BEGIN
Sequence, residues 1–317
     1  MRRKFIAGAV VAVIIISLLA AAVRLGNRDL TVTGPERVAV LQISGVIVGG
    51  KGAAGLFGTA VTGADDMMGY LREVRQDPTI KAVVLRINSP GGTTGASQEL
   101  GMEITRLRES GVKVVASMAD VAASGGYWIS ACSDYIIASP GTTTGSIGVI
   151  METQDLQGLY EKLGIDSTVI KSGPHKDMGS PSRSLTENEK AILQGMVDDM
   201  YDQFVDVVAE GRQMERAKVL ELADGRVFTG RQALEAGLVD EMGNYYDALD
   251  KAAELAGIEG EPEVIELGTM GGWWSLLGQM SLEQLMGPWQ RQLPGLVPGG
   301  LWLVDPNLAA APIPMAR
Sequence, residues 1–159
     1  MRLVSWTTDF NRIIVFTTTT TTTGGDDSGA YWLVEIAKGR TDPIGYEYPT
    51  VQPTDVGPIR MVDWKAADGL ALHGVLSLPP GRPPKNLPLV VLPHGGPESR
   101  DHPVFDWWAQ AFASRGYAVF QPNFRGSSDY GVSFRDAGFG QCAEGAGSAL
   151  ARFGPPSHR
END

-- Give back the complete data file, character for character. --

Sequence, residues 1–317
     1  MRRKFIAGAV VAVIIISLLA AAVRLGNRDL TVTGPERVAV LQISGVIVGG
    51  KGAAGLFGTA VTGADDMMGY LREVRQDPTI KAVVLRINSP GGTTGASQEL
   101  GMEITRLRES GVKVVASMAD VAASGGYWIS ACSDYIIASP GTTTGSIGVI
   151  METQDLQGLY EKLGIDSTVI KSGPHKDMGS PSRSLTENEK AILQGMVDDM
   201  YDQFVDVVAE GRQMERAKVL ELADGRVFTG RQALEAGLVD EMGNYYDALD
   251  KAAELAGIEG EPEVIELGTM GGWWSLLGQM SLEQLMGPWQ RQLPGLVPGG
   301  LWLVDPNLAA APIPMAR
Sequence, residues 1–159
     1  MRLVSWTTDF NRIIVFTTTT TTTGGDDSGA YWLVEIAKGR TDPIGYEYPT
    51  VQPTDVGPIR MVDWKAADGL ALHGVLSLPP GRPPKNLPLV VLPHGGPESR
   101  DHPVFDWWAQ AFASRGYAVF QPNFRGSSDY GVSFRDAGFG QCAEGAGSAL
   151  ARFGPPSHR